8 Cars in 10 Years: I Have A Problem, But You Won’t!
If there’s one infatuation I and many men have, it is the love affair with cars. When I got my first paycheck, I bought myself not only a nice 850GLT Volvo (yes, an old man car for a 22 yr old kid), but also a Honda CBR600 racing bike! I had nowhere to park them in in NYC, so I actually had to park 20 blocks away, and take the subway back to my apartment! I dumped $18,000 in cash for the vehicles, and had to pay an additional $300/month for parking and transportation fees to my vehicles! How ridiculous is that?
Most of us have some materialistic vice we go gaga over. One lady I know has $20,000 worth of purses, and another $10,000 worth of shoes. But if you think about it, her vice isn’t so bad since the average car a guy desires is probably in the $25-45,000 range. Why we throw so much money discipline out the window when we stumble across our vices, I donno. What I will tell you after purchasing and selling 8 different cars (new and old), is that I’ve figured out some fantastic tips to: 1) Getting the best deal, and 2) Satiating ones desires.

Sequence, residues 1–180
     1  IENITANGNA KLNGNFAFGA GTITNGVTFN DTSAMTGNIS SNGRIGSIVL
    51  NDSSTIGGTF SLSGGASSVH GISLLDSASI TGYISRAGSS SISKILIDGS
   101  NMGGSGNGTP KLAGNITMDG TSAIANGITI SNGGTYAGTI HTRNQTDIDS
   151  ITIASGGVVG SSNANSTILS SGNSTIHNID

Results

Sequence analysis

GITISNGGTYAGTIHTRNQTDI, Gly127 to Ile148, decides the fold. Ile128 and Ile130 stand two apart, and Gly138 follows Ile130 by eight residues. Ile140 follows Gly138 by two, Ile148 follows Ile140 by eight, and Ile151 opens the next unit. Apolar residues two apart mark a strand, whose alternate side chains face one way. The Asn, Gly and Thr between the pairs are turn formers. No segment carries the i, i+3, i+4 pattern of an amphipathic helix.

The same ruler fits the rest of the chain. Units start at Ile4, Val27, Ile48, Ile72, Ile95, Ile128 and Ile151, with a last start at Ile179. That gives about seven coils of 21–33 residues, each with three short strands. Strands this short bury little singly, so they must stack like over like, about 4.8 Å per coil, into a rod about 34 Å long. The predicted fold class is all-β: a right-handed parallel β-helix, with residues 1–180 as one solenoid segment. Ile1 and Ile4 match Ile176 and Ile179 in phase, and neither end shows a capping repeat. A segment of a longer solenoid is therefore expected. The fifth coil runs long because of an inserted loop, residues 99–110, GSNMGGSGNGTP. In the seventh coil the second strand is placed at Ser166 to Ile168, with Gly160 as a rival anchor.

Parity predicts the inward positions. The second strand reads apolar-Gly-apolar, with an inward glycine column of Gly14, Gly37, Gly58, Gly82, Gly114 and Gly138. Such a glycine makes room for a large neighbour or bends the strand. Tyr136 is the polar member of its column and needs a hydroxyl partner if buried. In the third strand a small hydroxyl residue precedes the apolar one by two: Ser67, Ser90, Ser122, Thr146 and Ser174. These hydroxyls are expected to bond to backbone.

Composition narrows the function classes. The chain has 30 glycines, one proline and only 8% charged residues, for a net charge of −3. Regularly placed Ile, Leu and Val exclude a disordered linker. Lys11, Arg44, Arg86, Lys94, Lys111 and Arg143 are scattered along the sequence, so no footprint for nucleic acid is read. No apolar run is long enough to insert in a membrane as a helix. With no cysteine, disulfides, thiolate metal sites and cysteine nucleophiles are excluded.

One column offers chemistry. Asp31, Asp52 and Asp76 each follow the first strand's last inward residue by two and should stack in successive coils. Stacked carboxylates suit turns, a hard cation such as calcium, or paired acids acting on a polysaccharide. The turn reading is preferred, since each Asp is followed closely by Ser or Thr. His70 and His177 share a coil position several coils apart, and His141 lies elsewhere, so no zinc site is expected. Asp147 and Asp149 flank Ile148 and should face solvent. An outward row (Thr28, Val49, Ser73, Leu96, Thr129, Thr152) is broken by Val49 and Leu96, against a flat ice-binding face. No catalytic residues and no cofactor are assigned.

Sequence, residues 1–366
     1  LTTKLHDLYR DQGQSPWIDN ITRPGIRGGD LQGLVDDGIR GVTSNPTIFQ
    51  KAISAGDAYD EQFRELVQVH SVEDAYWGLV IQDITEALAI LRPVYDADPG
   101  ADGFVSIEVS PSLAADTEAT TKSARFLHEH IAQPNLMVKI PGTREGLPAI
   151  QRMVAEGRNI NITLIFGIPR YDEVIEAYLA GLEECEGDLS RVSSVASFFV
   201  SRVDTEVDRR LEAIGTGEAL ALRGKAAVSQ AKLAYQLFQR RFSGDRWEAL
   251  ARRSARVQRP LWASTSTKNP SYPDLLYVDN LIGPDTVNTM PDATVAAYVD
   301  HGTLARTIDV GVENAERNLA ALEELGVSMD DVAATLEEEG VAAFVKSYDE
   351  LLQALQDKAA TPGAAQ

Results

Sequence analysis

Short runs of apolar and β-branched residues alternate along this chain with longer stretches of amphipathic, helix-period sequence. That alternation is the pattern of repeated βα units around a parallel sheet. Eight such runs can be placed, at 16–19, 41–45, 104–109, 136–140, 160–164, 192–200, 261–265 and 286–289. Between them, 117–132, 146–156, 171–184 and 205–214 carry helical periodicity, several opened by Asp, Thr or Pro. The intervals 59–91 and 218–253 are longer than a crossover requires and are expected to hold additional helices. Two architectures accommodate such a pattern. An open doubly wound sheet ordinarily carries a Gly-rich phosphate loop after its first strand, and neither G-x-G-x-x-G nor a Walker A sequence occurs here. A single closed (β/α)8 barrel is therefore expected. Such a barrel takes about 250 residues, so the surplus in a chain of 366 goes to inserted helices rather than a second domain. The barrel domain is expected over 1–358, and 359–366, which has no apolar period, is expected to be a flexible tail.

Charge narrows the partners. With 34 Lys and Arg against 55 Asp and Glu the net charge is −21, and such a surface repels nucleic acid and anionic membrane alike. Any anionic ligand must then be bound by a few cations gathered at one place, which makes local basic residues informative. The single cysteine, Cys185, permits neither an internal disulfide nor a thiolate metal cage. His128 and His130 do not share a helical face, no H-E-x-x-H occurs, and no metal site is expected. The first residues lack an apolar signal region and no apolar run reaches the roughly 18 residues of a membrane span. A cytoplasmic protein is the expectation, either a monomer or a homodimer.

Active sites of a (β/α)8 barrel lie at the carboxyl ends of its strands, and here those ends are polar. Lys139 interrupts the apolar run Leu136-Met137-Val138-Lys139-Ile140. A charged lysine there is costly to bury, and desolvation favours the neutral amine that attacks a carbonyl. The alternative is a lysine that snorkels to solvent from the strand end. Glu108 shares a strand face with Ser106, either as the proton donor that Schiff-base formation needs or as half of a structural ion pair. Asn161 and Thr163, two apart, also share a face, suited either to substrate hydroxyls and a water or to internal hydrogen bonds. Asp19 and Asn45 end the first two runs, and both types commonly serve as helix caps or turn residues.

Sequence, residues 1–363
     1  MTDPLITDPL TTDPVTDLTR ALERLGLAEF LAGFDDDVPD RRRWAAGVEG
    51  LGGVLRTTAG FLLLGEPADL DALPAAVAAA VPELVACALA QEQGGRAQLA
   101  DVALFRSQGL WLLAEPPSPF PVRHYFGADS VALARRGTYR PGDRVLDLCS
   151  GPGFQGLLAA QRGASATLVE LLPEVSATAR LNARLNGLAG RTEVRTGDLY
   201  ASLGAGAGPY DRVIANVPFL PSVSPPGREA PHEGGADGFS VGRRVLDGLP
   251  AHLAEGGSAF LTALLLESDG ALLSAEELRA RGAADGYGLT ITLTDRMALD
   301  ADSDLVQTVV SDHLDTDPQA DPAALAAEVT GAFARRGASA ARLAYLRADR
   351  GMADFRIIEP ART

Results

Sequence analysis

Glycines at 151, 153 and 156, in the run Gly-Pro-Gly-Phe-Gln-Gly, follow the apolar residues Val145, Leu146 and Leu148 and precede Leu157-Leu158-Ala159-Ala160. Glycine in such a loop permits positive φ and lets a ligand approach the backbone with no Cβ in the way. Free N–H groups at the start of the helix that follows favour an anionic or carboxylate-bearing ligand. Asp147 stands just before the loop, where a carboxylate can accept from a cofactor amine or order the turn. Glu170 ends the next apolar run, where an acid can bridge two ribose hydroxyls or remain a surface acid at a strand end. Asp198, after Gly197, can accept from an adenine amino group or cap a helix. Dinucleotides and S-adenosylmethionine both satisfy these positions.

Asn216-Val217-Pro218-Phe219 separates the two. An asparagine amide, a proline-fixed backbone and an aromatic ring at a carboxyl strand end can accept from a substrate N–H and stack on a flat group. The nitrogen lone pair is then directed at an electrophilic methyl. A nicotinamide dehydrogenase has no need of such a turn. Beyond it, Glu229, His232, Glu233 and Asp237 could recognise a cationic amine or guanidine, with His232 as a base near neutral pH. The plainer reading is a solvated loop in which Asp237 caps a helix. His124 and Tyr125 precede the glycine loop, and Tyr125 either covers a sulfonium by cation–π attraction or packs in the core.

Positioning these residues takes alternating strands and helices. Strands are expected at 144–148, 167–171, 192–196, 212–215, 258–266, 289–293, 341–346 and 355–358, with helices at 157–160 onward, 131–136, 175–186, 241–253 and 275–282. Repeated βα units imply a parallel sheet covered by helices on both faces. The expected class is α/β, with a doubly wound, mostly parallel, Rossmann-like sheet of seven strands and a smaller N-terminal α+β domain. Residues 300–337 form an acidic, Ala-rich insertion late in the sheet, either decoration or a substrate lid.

GETTING THE BEST DEAL – 5 SIMPLE RULES
1) First of all, unless you don’t care about money, don’t ever buy new! We don’t live in the 1980′s anymore where cars would start falling apart about after 5-10 years. Cars are so well made now, they will last for 200,000 miles with regular maintenance. The depreciation curve is steepest after 3 years, so best to get a car between 3-5 years old.
2) Now that you agree it’s unwise to buy new, where do you look? The internet of course! 8 cars in 10 years actually requires 15 transactions since I have to buy a new car, and sell the old car. All transactions have been done over Craigslist, Ebay, or Autotrader. Craigslist is my personal favorite, with 13 out of the 15 transactions being made here.
3) Once you inquire about the car, you must then look up at least 5 other comparables to see whether the asking price is reasonable. You should then cross check the price with KBB.com based on a “good” condition selection. Paying Kelley Blue Book is a RIP OFF. In normal economic conditions, you should always strive to pay at least a 10% discount to KBB. In conditions like the 4th quarter of 2008, you could easily get 15% below KBB. On the flip side, if you are selling, you should try and get 90-100% of KBB’s price. Buyers generally feel like they get a deal at a 5% discount to KBB price, but you know better!